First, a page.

Life happens fast. Truth happens slow. Trust, well that’s a rare thing. Combining life, truth and trust is apparently an impossibility, especially when it comes to news today that’s shared on social media.

When the staff and reporters of CU Times create content that we share on our site and in our print issues, those stories make it into our social media feeds. It’s pretty straightforward. When it comes to breaking news, we do two things: We speed up and slow down at the same time. What I mean here is by speeding up, we jump on the story. By slowing down, we stop and think and check the details before getting out the first version of the story. Sure, we’d like to be first with the news. But more importantly, we want to be right. After that happens, we follow up with more details and facts to add to the story to give to you, and then we post those updates on social media. That’s the process.

As many of you have noted and commented to us about CU Times being fake news or a leftist rag, our staff consisting of costal elite media types and more since the November elections last year, I’m going to say it: You’re being suckered into a false news reality. There are a lot of people and situations to blame for this. For my purposes here, I’m putting a lot of this on the heads of those who are running our social media platforms. And to those people, I say (to borrow words, as I have before, from Earth, Wind & Fire), “Somethin’ happened along the way, what used to be happy was sad.”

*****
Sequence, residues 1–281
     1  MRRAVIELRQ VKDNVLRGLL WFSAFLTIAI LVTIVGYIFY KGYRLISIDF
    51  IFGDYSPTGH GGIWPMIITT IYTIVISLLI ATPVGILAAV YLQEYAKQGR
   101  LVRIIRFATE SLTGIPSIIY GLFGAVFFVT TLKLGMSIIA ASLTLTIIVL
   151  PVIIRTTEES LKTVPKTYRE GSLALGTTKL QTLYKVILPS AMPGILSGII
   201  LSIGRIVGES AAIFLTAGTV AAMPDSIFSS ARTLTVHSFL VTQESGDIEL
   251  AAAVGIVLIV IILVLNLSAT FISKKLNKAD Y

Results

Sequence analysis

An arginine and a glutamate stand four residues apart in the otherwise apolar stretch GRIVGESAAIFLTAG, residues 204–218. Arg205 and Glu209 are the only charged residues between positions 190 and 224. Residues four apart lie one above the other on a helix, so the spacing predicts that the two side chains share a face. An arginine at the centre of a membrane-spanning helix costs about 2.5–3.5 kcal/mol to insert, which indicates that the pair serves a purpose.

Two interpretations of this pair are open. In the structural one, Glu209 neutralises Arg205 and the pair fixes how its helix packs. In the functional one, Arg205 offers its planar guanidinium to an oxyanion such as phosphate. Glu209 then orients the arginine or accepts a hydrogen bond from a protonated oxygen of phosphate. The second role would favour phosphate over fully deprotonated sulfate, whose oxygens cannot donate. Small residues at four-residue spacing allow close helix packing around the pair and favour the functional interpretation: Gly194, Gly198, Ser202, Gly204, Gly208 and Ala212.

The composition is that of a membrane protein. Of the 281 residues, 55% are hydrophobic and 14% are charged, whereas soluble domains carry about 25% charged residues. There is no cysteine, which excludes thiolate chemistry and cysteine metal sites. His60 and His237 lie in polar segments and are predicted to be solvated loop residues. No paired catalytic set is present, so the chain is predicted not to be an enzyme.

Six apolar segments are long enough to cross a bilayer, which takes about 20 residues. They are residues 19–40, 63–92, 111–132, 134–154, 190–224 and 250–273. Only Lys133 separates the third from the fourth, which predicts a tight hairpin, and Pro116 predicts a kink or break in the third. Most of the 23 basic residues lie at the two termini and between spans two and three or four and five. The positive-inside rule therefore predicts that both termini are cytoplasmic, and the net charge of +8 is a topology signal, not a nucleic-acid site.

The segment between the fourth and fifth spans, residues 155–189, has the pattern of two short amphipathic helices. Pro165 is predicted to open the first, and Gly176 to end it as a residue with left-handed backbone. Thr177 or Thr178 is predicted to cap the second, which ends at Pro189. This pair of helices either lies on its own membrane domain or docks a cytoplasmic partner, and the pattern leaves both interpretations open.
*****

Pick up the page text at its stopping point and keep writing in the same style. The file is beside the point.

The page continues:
For years I’ve been a proponent of using social media as an effective marketing tool and whatnot. And I was also blown away in the social media early years of just how brilliant it was as a journalist and news consumer to be so plugged in to breaking news and insights from reporters working on the story. Back in the old days, of 2009, you could have a straight and unfiltered view of the news as it happened. Those days have been hijacked and so has my news consumption. Therefore, I’m calling it quits on social media for any national or international breaking news. Instead, I’m going to sit back and wait for the real information.

This decision is something I think others should consider and here’s why – the Las Vegas shooting and Tom Petty.

When news came through in the form of 10-plus alerts on my phone just after midnight my time (I’m not a costal elite – I’m in the Central Time Zone), it was a chaotic mess of information: “2 Dead in a Las Vegas Mall Shooting;” “Shots Fired at Las Vegas Casino;” “Country Music Festival-Goers Killed by Mass Shooter.” The news alerts showed this evolution of chaotic first impressions of a story until the alerts eventually had the story correct. But then, the real social media madness took place. Shortly after the tragedy, the fake stories began to spread on Facebook, Twitter and even Google. In fact, if you were paying attention to Facebook and Google during those hours after the shooting, you would have noticed two of the top trending stories were fake – you just didn’t realize it.